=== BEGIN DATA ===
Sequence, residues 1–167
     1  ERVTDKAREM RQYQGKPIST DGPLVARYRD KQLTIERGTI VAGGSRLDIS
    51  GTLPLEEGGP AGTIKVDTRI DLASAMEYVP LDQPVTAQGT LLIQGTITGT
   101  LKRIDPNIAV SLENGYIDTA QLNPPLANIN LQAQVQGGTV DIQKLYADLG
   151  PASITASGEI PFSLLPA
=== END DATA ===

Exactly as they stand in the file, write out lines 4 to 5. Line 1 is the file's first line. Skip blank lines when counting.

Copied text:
   101  LKRIDPNIAV SLENGYIDTA QLNPPLANIN LQAQVQGGTV DIQKLYADLG
   151  PASITASGEI PFSLLPA